But here in African Scenic Safaris we have a system – we have a lot of people so we follow schedules. Our company starts (in) alphabetical (order), A up to Z, so if you climb, when you come down you must stay and wait for your (turn).

Tourism Lens: OK so the schedules are made fair so that everyone gets a turn. Do you see a difference in your work from before the pandemic and now?

AS: Right now we have a lot of visitors coming here compared to before the pandemic. During the pandemic it was a difficult situation.

“We depend on the mountain. Our families depend on us. So we must work.” – Albert.

Tourism Lens: Do you have a message that you want tourists to know? Tourists who read my platform — from America, Europe?

AS: For me, I have one message. I need tourists right now to come (a lot of people), and I think for anyone who already hiked the mountain Kilimanjaro to be good ambassadors for their neighbors, and families to come more. Because when they come more they can give us a chance to get more work. And know that here in Tanzania is so different compared to America. Because here if you’re helping one person it’s like you are helping more than five people; our families are dependent on us. So when you’re helping me, it’s helping five people who are standing behind me.

SL: At African Scenic Safaris, we love your business and we work hard in order to give back good service so you are welcome. When you come here, we go to work so we have some income.

Pre-pandemic photo of tourists climbing up to Mount Kilimanjaro – by J Fauteux, Flickr Commons.

Tourism Lens: And the Kilimanjaro Porters Assistance project is important for people to know, right — that it’s important to choose a company that cares about porters.

AS: Yes. Like African Scenic Safaris, they care about porters and all the services are very good. We don’t have any challenges. So we have fair work compared to another company. A lot of people desire to work with African Scenic Safaris.

Tourism Lens: Wonderful. I really appreciate both of you making time to talk to me. I know you’re busy and you have other things to do. So, thank you so much for sharing your experience because a lot of times we hear about porters and we hear the stories — but we never hear from them directly. We never see your faces; we only see them in videos, but we don’t really talk to you so that’s why I wanted to do this. Thank you very much and thank you to Laura (at African Scenic Safaris) as well for making it happen.

AS: Thank you very much. Glad to meet you.

Tourism Lens: Maybe one day I’ll be brave enough to go up Mount Kilimanjaro (laugh). I don’t think so. But I do want to visit Tanzania. Thank you Albert and Samson.

AS and SL: Thank you. Take care, you’re welcome, so much.

A Message for Tourists

I had planned to share just a transcript of this conversation and therefore didn’t have my light equipment set up at 7am. But since Albert and Samson were keen on having a video clip shared, here’s a snippet of the last portion of our interview.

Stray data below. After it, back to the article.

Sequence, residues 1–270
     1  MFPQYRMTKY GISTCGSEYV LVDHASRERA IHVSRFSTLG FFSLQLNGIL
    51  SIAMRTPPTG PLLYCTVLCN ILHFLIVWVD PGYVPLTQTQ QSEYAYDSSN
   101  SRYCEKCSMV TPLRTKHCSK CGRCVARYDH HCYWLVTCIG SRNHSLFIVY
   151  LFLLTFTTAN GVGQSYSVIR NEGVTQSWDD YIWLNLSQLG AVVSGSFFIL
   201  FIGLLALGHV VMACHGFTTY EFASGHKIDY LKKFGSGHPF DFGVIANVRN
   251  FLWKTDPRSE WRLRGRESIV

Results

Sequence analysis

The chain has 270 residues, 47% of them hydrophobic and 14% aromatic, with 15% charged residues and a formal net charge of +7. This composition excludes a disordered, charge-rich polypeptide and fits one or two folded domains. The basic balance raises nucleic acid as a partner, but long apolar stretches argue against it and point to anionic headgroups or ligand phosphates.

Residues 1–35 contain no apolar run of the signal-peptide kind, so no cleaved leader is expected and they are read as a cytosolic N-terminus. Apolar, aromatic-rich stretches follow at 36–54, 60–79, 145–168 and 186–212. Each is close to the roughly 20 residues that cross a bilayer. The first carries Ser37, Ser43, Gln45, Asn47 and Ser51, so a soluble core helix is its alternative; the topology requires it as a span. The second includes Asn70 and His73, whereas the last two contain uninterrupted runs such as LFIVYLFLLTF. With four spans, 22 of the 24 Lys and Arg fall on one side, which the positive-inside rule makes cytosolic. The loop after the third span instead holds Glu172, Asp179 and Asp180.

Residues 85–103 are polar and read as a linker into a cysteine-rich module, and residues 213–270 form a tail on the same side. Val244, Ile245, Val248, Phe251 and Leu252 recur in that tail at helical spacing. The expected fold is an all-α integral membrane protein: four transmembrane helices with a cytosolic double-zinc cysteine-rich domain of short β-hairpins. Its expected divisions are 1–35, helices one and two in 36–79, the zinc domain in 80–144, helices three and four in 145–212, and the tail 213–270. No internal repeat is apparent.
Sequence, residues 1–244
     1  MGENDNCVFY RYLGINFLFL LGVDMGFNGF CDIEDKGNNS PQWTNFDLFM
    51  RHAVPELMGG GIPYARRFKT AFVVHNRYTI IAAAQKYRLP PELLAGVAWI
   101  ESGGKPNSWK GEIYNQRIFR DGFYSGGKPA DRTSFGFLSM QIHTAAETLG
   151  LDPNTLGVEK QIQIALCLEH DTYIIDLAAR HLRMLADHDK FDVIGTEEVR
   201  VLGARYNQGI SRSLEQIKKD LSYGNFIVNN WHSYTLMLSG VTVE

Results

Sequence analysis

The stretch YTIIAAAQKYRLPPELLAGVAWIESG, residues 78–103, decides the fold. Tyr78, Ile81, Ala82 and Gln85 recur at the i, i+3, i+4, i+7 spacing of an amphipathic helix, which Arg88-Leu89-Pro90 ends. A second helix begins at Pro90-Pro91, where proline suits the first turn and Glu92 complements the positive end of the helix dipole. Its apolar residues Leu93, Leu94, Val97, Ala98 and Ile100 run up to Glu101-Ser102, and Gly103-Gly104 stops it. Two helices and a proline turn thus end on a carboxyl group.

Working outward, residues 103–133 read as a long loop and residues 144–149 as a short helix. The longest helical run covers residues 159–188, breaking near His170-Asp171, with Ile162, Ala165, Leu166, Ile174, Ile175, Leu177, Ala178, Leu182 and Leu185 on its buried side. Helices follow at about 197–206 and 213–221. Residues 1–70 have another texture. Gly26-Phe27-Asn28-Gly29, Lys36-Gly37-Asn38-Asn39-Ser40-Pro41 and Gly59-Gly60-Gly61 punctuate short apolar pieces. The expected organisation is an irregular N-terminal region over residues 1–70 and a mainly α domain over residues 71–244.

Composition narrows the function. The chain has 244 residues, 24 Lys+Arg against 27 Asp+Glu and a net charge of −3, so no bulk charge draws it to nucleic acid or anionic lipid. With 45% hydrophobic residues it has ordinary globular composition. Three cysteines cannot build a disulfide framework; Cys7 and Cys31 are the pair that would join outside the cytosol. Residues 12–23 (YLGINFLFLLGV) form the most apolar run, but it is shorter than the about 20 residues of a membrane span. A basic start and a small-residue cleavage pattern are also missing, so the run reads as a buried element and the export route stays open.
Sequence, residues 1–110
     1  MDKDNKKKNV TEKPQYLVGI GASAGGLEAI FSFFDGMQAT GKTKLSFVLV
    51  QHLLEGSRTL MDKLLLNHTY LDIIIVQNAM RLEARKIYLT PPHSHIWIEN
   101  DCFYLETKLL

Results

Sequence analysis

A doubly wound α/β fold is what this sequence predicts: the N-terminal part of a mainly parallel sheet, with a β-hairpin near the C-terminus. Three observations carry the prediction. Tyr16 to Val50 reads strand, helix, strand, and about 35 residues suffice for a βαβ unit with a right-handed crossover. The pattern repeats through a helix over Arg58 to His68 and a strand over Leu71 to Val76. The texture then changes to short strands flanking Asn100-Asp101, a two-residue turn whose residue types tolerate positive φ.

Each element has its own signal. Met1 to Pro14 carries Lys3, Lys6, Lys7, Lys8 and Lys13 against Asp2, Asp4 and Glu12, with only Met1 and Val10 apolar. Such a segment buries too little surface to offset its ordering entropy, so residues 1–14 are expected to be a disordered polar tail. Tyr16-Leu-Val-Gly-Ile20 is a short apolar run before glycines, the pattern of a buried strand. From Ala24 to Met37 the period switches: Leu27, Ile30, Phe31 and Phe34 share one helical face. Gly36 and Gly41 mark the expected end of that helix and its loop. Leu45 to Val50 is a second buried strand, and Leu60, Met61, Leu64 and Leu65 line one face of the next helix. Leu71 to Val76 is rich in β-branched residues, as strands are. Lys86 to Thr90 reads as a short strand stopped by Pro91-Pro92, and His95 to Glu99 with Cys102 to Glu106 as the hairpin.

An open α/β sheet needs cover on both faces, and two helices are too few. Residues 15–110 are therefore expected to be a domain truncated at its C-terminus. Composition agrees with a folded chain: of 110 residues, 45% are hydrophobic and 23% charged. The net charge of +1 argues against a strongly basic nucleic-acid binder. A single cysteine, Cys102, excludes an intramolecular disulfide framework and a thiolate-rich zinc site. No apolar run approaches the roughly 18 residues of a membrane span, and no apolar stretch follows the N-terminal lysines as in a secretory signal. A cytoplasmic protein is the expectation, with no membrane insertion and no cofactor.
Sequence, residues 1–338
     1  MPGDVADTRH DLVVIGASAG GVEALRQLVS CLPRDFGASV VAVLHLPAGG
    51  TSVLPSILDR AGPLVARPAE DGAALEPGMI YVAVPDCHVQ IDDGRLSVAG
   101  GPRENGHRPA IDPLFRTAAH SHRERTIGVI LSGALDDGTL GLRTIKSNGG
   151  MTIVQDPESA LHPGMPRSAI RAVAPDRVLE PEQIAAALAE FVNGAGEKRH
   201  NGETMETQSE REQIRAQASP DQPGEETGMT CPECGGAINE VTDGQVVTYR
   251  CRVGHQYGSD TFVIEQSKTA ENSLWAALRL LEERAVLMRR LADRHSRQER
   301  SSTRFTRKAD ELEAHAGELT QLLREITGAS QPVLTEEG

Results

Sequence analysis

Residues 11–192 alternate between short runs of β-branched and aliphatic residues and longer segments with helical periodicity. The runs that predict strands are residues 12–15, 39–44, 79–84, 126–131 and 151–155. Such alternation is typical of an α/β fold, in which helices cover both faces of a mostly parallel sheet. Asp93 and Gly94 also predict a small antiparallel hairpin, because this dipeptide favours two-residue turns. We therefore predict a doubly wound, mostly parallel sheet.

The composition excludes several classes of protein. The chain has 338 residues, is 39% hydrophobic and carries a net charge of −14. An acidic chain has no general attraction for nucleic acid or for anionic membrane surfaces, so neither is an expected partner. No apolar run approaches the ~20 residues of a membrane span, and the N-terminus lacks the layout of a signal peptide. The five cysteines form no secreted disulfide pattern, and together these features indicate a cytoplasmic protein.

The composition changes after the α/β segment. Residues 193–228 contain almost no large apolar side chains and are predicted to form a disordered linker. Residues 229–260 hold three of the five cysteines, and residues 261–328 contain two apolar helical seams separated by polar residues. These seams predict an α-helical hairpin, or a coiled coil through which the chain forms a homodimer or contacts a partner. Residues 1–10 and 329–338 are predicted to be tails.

A Message for Storytellers

African Scenic Safaris was the winner in the ” sustainable and regenerative tourism” category of GLP Films’ sustainable tourism storytelling competition. I had the honor of serving as a panelist judge for this category last year alongside my illustrious colleague, Ayako Ezaki at Training Aid.

Because the resulting video that GLP Films created did not feature the porters themselves, I decided to conduct this interview. Storytelling about an African destination should not be limited to featuring those who have received a formal western education. It’s about sharing the voice of those who are living the reality of tourism on the ground — and meeting them halfway to share their message.

My hope is that this interview encourages tour operators and others in the travel industry to place Africans in tourism at the forefront of storytelling, and not feature them solely as colorful props in entertainment scenes when in fact, the story you share with customers is about their livelihoods. Livelihoods that entire families depend on, as you heard Albert explain.

Tourism shouldn’t overlook and silence their voices just because they’re not fluent in English; better yet, it should offer to train them.

Thank you to Laura Sondermann, tourism manager at African Scenic Safaris, for advocating for Tanzanian porters and for helping to arrange this interview for Tourism Lens.


Lebawit is an award-winning, independent travel journalist, author and speaker specializing in global tourism. Her reported stories on sustainability, equity, destination management, hospitality, responsible marketing, and climate action have appeared in consumer and trade publications, including Bloomberg, Skift, and Conde Nast Traveler. Read more about Lily here.